11.Designed and manufactured by a consortium led by Lockheed Martin, the F-35 Lightning II Joint Strike Fighter is a ‘fifth generation’ combat aircraft that comes in three main variants:
12.Described as the “most expensive military development and procurement programme in history”, the F-35 programme will supply combat aircraft for at least nine countries, with the principal consumer being the United States. The UK is the second biggest client country and the sole ‘Tier One’ partner (i.e. the one most closely involved, with the USA) in the system design and development (SDD) phase of the programme. This status has resulted in the following advantages to the UK:
13.Following some hesitation, the UK Government confirmed in the 2015 Strategic Defence and Security Review (SDSR) that it would buy 138 F-35Bs. The F-35Bs will fly from the Royal Navy’s new Queen Elizabeth class aircraft carriers, and the previous Government decided in the 2015 SDSR to speed up the purchase so that the UK would have 24 F-35Bs available on these carriers by 2023. The UK has already started taking delivery of the F-35Bs and should have its first squadron in service in the UK in 2018. Flight trials from HMS Queen Elizabeth are scheduled for later that year.
14.The F-35’s roots can be found in the Joint Strike Fighter (JSF) project that was launched by the US Department of Defense (DoD) in the early 1990s. At the same time the UK began to examine how to replace the capabilities provided by the Royal Navy Sea Harrier on the Invincible class carriers (this became known as the Future Carrier-Borne Aircraft Programme, renamed as the Future Joint Combat Aircraft following the 1998 Strategic Defence Review).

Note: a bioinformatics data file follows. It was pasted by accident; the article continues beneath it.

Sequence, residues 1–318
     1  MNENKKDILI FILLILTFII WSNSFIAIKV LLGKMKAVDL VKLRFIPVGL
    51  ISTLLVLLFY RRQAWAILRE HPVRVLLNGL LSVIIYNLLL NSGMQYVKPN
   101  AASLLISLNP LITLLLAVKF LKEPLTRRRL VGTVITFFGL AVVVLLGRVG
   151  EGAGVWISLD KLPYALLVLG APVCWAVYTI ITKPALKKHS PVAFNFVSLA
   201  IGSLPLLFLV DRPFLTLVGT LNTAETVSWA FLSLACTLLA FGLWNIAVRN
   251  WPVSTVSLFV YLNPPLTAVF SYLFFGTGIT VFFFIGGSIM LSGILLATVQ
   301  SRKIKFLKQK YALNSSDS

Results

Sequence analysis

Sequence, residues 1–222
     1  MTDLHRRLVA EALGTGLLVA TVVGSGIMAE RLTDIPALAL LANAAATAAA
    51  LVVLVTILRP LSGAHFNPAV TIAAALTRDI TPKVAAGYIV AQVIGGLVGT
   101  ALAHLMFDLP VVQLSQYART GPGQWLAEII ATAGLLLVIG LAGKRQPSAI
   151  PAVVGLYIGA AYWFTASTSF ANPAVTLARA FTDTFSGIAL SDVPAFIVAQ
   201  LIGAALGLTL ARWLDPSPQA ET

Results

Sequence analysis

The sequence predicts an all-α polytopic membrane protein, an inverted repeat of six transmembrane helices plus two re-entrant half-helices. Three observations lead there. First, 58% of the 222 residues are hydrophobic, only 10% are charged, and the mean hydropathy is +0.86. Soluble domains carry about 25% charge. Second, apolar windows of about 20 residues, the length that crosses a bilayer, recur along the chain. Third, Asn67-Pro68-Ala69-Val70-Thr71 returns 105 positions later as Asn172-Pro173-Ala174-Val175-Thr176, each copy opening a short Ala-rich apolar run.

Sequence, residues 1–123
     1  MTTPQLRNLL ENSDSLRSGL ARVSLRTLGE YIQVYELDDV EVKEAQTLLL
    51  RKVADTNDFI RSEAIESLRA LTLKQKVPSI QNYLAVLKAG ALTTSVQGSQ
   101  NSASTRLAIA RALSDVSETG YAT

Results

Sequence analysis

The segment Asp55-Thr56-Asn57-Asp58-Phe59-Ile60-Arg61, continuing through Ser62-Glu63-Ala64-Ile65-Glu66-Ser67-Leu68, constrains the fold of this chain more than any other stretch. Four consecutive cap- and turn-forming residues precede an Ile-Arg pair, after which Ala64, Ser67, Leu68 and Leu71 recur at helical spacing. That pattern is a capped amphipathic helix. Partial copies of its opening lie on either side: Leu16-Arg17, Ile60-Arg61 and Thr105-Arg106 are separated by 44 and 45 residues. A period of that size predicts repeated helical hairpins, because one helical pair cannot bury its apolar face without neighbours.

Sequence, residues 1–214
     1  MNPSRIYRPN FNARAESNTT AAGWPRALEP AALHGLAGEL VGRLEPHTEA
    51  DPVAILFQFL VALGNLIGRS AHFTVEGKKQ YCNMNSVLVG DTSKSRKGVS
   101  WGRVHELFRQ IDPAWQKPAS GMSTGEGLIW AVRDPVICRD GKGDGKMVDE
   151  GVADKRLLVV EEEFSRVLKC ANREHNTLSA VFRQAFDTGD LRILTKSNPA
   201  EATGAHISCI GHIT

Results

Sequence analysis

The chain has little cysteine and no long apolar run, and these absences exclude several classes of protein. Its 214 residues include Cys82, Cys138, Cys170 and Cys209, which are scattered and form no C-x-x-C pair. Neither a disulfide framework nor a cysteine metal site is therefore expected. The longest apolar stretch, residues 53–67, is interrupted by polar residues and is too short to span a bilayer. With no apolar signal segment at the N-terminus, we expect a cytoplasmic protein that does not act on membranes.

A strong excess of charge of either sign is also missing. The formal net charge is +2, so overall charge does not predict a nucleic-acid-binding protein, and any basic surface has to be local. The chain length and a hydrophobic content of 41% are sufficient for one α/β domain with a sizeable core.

15.In 1995, the UK became a formal partner in the JSF programme, signing a Memorandum of Understanding (MoU) and agreeing to pay $200 million, or 10% of the concept demonstration phase.
16.On 17 January 2001, the UK signed a further MoU with the DoD on the engineering manufacturing development phase of the JSF. The MoU committed the UK to an investment of $2 billion towards the development costs of the aircraft and in return provided it with Tier One partner status during the SDD phase of the programme and an input into the aircraft design and the selection of the prime contractor for the project. Later that year it was announced that Lockheed Martin had been awarded the JSF contract.
17.In 2002, the MoD announced that the Royal Navy and RAF would operate the F-35B variant, with the Government tentatively agreeing to order nearly 150 aircraft. This number has since been revised to 138 F-35Bs.
18.Lockheed Martin claims that, as a fifth-generation fighter, the F-35 will combine “advanced stealth with fighter speed and agility, fully fused sensor information, network-enabled operations and advanced sustainment”. According to a House of Commons Library briefing paper in 2015, the F-35 should have the following capabilities: